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Wake County News > Posts > Preventing Canine Flu in Your Pet
July 29
Preventing Canine Flu in Your Pet

Wake County Animal Services is educating pet owners about canine influenza, a virus that can cause low-grade fever, coughing, sluggish behavior and decreased appetite in dogs. Although there are no confirmed cases of canine influenza in Wake County, the flu has infected dogs in other parts of the state.

"With a highly contagious virus like canine influenza, it's important that we proactively educate pet owners about the symptoms of the virus and the protective measures they can take to help ensure their dogs remain healthy," said Dr. Jennifer Federico, Wake County Animal Services Director. "We do not want to alarm pet owners. We simply want to raise awareness, so they can make good decisions to protect their dogs."

Canine influenza is similar to other respiratory diseases, and testing by a veterinarian is the only way to confirm which disease is causing the symptoms. The virus can be present for up to three days before clinical signs appear. Generally, older dogs, younger dogs and dogs with a weakened immune system are more susceptible to the flu. If you think your dog may have the flu, follow these steps:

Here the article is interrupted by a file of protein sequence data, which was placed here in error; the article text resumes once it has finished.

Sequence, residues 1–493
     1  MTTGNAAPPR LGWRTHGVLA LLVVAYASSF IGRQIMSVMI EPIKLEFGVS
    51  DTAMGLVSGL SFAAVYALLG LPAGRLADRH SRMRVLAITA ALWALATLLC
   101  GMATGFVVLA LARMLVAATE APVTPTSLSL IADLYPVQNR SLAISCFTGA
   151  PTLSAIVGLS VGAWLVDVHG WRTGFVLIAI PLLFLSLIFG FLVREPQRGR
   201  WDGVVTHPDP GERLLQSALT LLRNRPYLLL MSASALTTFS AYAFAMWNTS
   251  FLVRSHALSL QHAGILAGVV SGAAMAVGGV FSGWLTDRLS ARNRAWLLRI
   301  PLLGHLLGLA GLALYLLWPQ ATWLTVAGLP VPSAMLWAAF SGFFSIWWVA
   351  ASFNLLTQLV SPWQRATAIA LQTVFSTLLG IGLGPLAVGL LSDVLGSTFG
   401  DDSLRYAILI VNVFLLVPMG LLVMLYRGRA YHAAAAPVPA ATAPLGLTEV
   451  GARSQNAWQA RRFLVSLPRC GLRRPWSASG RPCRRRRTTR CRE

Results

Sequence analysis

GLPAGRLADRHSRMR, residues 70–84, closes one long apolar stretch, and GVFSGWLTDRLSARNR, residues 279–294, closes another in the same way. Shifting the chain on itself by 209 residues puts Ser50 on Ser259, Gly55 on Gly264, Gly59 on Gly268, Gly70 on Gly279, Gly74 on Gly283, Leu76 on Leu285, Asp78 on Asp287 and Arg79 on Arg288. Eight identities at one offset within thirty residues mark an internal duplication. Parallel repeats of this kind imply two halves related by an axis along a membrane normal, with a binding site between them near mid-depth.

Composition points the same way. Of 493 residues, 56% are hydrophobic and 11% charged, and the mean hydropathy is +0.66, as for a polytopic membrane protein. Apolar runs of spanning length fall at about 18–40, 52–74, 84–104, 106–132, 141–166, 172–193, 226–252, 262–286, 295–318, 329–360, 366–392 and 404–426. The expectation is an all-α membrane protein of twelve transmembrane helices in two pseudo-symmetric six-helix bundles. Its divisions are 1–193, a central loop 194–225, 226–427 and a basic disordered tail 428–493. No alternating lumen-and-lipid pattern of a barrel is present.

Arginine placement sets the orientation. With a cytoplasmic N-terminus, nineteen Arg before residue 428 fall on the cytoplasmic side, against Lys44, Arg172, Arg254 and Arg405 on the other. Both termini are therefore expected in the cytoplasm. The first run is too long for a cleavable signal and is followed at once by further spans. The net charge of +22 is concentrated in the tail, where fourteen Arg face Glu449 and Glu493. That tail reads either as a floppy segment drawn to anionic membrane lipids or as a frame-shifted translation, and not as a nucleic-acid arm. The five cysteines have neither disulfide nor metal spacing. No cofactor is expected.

• Call your veterinarian before going to their office and let them know your dog's symptoms. This will allow the veterinarian to determine how to minimize exposure within the practice and prepare for your dog's arrival; and
  • Keep your dog away from other dogs and public areas until your dog is seen by your veterinarian.

Canine influenza is a very treatable disease. More than 95 percent of dogs that contract the flu recover within a few weeks. Tips for keeping your pets safe include:

  • Make sure your pet follows a recommended vaccine schedule;
  • If you board your pet, make sure the kennel is clean and well maintained, and has an isolation (at least 50 feet away) and care plan for dogs that develop signs of kennel cough or other illness; 
  • Do not take your pets to dog parks or other places where dogs mingle if they have signs of kennel cough or other infectious diseases, and keep your dog at home for three weeks after recovery;
  • Make sure your pet has current ID tags with your address and phone number clearly displayed so that your pet can be returned to you as soon as possible and so you can be contacted immediately if your pet is brought to the Animal Center; and
  • Keep your pet in overall good health – a strong immune system is the best defense against infection.

View more information about canine influenza.


 



 

 

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